Mississauga – Marijuana can be a very dangerous drug particularly for kids and while saying we will legalise marijuana, quite frankly that’s not all what was said. What we had said was that we intend to legalise marijuana, regulate and restrict it. This was said by former Toronto police chief and now Liberal MP Bill Blair and Parliamentary Secretary to the Minister of Justice during an exclusive interview to Yudhvir Jaswal, Group Editor and CEO of YMedia. It is worth noting that Prime Minister Trudeau has asked MP Blaire has appointed to lead marijuana legalization in Canada.
Explaining further Blair said: “The current system of control is failing. The current system has allowed in Canadians the highest rate of marijuana use in the world. We believe that we can do a better job, of protecting our kids, and keeping our communities safe, by regulating and restricting access that people have to marijuana. Thus marijuana will be available but in a highly regulated way and we can do a better job at keeping it away from the hands of kids and we will take all those profits away from the organized crime that are responsible for much of the crime, and victimization that takes place in our communities.”
Blair explained how after retirement people asked him that after retiring as police chief would he move to politics? He informed: “I spent my life in public service. I was very privileged. I was a police officer in Toronto for nearly 40 years, and in the last 10 years, I served my community as the chief of Toronto police, as a public servant, responsible for protecting our kids, and keeping our communities safe, and when I retired from that position, I wanted to continue to serve, and so people asked me, are you going to be a politician. I said I am not really a very good politician but I am a good public servant and wanted to continue to help my government, keep out kids safe and keep our communities safe. And that is why when Mr Trudeau asked me to run for office and come and work with him in Ottawa, I thought it was a good opportunity to continue in the life of service to my community and I’m honoured that people of Scarborough West elected me and gave me the opportunity to serve them. I also had the opportunity to serve all the Canadians, and working with my government to make sure that we have laws and regulations that do a better job of protecting our citizens and in particular our kids.”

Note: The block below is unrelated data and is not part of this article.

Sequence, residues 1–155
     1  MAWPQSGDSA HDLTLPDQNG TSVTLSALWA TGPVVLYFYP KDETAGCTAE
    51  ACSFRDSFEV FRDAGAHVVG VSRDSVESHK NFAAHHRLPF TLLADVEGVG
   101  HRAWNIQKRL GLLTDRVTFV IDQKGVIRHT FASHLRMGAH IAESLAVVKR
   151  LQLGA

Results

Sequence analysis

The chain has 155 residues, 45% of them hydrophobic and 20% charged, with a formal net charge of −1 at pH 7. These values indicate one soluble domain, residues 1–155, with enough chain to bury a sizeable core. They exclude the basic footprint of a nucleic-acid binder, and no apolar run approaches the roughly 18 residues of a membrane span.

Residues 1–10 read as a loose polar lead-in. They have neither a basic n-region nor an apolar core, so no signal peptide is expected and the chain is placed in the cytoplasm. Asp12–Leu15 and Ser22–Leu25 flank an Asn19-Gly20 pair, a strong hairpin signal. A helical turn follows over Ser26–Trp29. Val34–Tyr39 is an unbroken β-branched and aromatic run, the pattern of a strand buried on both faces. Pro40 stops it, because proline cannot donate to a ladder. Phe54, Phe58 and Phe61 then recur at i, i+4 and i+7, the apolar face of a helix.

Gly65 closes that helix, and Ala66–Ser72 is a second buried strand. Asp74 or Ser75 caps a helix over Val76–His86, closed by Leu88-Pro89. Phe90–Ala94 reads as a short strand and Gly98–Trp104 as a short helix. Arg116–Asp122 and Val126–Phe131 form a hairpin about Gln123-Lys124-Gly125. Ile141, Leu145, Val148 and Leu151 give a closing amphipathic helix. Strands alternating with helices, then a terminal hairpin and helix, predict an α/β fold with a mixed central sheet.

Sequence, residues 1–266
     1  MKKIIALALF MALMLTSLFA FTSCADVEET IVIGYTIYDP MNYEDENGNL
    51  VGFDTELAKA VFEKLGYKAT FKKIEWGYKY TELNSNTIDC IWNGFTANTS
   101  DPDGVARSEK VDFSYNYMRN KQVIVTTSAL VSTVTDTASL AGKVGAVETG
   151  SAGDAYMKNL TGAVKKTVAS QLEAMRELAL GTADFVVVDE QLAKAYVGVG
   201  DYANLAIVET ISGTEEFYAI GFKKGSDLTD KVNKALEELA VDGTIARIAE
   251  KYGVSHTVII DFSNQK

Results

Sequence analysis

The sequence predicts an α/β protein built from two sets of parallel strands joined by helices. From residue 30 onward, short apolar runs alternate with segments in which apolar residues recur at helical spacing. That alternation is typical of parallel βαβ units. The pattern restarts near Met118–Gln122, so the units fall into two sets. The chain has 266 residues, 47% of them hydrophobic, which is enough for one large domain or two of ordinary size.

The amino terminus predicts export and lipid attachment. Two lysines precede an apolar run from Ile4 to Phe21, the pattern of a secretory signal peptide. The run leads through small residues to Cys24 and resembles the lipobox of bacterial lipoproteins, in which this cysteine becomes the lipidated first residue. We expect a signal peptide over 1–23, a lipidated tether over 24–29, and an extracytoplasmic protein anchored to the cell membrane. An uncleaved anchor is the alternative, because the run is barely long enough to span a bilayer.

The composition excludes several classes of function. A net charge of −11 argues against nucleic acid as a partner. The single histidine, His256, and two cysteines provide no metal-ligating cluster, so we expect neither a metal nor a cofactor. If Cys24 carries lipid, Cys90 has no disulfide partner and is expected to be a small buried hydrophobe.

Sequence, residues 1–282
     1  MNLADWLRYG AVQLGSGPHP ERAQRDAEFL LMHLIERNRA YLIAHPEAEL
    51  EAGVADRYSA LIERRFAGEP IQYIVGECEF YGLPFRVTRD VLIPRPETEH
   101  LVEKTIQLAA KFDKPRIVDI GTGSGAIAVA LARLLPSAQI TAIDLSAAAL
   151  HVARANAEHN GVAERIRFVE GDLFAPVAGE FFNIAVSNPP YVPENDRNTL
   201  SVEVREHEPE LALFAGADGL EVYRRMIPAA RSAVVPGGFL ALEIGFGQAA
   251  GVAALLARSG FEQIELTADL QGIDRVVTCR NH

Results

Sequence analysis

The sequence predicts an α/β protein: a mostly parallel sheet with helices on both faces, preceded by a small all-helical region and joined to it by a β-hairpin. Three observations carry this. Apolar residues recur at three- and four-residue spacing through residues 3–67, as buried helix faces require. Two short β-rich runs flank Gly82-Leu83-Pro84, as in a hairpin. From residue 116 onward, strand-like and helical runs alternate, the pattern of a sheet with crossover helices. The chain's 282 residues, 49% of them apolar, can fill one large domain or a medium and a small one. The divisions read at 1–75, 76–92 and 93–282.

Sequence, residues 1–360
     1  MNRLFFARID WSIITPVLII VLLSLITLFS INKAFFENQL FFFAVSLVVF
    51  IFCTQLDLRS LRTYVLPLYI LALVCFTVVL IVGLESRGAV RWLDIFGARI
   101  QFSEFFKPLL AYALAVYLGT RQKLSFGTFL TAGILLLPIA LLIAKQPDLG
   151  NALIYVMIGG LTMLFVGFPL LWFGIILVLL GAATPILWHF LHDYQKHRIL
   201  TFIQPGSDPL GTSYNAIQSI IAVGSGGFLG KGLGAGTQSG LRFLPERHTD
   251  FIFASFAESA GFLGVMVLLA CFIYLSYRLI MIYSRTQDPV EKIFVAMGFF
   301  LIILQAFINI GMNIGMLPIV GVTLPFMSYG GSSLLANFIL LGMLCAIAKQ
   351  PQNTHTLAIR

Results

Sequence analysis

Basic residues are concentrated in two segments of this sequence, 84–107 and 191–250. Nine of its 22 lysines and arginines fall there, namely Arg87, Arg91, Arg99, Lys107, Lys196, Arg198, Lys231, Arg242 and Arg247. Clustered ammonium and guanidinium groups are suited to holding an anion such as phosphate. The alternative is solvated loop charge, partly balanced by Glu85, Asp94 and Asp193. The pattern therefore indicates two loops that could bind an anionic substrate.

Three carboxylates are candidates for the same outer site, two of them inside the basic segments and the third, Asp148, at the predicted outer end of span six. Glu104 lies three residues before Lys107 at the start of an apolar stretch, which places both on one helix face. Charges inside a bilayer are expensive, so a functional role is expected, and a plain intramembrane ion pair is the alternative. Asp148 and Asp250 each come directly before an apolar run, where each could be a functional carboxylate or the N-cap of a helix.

When asked if the move will promote the use of marijuana, Blair said: “Let me reassure everyone that it is not our intention to promote the use of marijuana. I believe marijuana is a very dangerous drug, but we want to make sure that we reduce the harm associated with this drug. One of the greatest concerns that we have is that today Canadian young people use marijuana more than young people in any other part of the world. We are very concerned because of this because this is a dangerous drug for the young people and interfere with the development of their brain. It can also interfere with their outcomes like their education and their life.
“And so we want to do a better job than is currently being done, by restricting the access of marijuana to young people, and we believe that today frankly it is easier for young people to buy marijuana than to buy alcohol because one is prohibited under the criminal law but the other one is being strictly regulated. So we want to remove the criminal prohibition but replace it with a very effective system, a comprehensive system of regulating and control and doing a better job in keeping that drug from the hands of children and youth, and so it will not be available as we are restricting its availability for children under 18.”
Explaining further the details, Blair said: “For adults, there will be restriction on its production, its distribution and its consumption which we believe will lead to the healthier and more responsible use of this drug to make our community safe and right now it is the sad reality that billions of dollars in criminal profits go to gangs and organized criminal groups who use its profits to commit other crimes and victimise people in our society. So we want to take those profits from them. We want to take that business from the hands of the criminals and want to put it in the hands or accountable, responsible business community through strict government regulation and we think we can do a much better job of protecting our communities and ensuring Canadians’ health.”